PCC:
Now, you mention God is a primary influence...

ULTRA VIOLET:
Well, yeah, because God is. Iím studying the scripture,. I go to the base, the source. And I think thereís great knowledge and truth in it. The scriptures are books of history and prophecies and poetry. Theyíre just extraordinary. And if you study them and know them, itís a compass for humanity. You wonít be lost. Thereís a scripture, ĎBe ye prepared and you shall not fear.í And right now, we live in the Book of Revelation or the Apocalypse, which has some pretty bad news, but also some great news. So all is well.

PCC:
Are you adhering to a particular denomination now?

ULTRA VIOLET:
I belong to the Church of Jesus Christ of Latter Day Saints.

PCC:
And that seems like home to you?

ULTRA VIOLET:
I really like it. They teach the word. And you can feel, in that church, love. And learn it. Those people are happy. You know, they say, ĎYou shall judge them by their fruit.í When you see people that are happy, that are beaming, that are healthy, that have healthy habits and so forth, I want to be part of that group.

PCC:
Finding that and being part of that group, does that have an affect on your art?

ULTRA VIOLET:
Well, it does. Thatís what I was saying to you earlier, that my last influence in art is God.

PCC:
Do you find that having more life experience, as you go on, widens the palette and you have more to draw from artistically?

ULTRA VIOLET:
I suppose. But again, being an artist, every morning I ask myself, ĎWhat shall I do? This is 2011. Soon 2012. What shall I do?í I am doing, no doubt. But maybe I could be doing something else. And I think, in the Ď60s, it was much easier to decide. America became the uncontested leader of the world and so forth. Today, you have the web. You have an explosion of information, true of false. And, by the way, information should not be confused with truth. Itís two different things. Sometimes they donít meet.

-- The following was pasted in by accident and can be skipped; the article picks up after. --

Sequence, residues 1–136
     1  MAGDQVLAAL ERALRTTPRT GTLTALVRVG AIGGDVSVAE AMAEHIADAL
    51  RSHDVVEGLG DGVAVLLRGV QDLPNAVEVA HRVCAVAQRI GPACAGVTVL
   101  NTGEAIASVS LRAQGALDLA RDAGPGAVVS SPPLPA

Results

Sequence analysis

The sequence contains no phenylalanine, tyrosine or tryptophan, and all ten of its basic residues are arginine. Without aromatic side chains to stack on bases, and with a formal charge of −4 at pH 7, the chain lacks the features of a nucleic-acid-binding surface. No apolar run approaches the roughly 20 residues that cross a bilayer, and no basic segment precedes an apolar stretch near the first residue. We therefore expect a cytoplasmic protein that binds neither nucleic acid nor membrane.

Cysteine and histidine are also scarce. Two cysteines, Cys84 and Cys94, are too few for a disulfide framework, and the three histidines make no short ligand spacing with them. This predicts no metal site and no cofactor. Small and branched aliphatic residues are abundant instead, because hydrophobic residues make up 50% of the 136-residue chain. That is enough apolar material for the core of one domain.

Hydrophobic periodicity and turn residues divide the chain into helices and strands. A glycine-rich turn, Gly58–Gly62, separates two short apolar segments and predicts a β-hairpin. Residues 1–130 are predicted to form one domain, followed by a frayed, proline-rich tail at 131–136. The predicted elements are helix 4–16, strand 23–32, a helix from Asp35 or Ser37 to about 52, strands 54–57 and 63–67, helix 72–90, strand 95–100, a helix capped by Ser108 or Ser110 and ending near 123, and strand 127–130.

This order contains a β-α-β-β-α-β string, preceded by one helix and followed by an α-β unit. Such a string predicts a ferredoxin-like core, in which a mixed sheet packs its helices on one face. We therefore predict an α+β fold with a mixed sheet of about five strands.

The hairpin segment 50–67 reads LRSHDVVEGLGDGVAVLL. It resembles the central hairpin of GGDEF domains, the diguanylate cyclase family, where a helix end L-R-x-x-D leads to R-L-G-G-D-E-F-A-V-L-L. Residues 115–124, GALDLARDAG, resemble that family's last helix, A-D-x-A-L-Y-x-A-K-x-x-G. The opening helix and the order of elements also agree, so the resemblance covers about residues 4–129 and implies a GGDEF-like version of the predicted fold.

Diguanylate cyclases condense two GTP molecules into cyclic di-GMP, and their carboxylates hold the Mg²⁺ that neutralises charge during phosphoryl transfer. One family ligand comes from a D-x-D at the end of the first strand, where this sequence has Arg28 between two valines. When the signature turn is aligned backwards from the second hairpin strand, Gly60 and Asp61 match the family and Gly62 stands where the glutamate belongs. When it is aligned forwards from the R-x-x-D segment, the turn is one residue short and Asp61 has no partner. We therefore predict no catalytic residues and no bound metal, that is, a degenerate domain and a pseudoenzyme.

We are bombarded with this information and itís showering over you. And the question is, what to do with this? What to choose? What subject? What matters most?

I like very much Joseph Beuys, [20th Century German conceptual artist] this idea of not object, but more emotion, more humanity involved, concern, the globalness of people, from one to another. Yeah, emotions and feelings matter a lot. But itís hard, because how do you translate this in visual art? Itís not easy.

PCC:
In the process of creating the visual art, do you think only about pleasing yourself or of getting the expression out and affecting the observer?

ULTRA VIOLET:
Well, I donít make art for me. I really make art for others. I make art for interaction. I donít really think of it. But I do want to communicate something. I want a dialogue. I donít want a monologue. I donít know what would please them. But I want an exchange, a dialogue.

PCC:
You like taking elements of pop culture and twisting them, turning them, finding new angles?

ULTRA VIOLET:
I guess, in my work, you might say that. Iím not abstract. So am I Pop? I donít know. Is the 9/11 Pop? Well, yes and no. Itís a palindrome. Itís Roman numerals. I guess. If you had to put me in a school, I guess you would say Iím post-Pop.

PCC:
The world of art, did that hold an allure for you from early childhood? When did you become fascinated?

ULTRA VIOLET:
I claim that I started to draw in my motherís womb. I had a very sensitive eye as a child. As a child, I collected little things. And eventually I collected people who were unknown and became known. So I have an eye.

PCC:
Coming to New York as a teenager, was that to broaden your knowledge?

ULTRA VIOLET:
No doubt. It was an eye-opening. You know, I was born in France, in a provincial place, not in Paris, which would have been better. Yeah, naturally. And I love New York, for its openness. And whatever it offers.

PCC:
But to leave home at such an early age, was that frightening or just exciting?

ULTRA VIOLET:
Oh, no. Very exciting. I wanted to be free. I wanted the new world. I wanted the world of the brave. No, no I wanted it.

PCC:
Is life still an adventure for you?

ULTRA VIOLET:
Yeah, I suppose [laughs].

PCC:
Whatís next? Whatís on the horizon for you?

ULTRA VIOLET:
Iím having a show, on my 9/11 work, in Moscow, actually. And then another show in Ukraine. And then Iím going to the Palm Beach Art Fair. And Miami Basel. So Iím working for all of this. I already have work. But, you know, thereís more to do.

PCC:
Whatís the key to keeping the creativity alive and fertile for you?

ULTRA VIOLET:
Well, what else shall I do? Iím not going to sell salami in a store.

PCC:
But you seem to always find the inspiration. Is that difficult?

ULTRA VIOLET:
I donít thinks so. It comes. Zoom! Zap! It comes. No, whatís missing is the time, maybe, to do it all.

Explore Ultra Violetís intriguing artistry at www.ultravioletweb.com.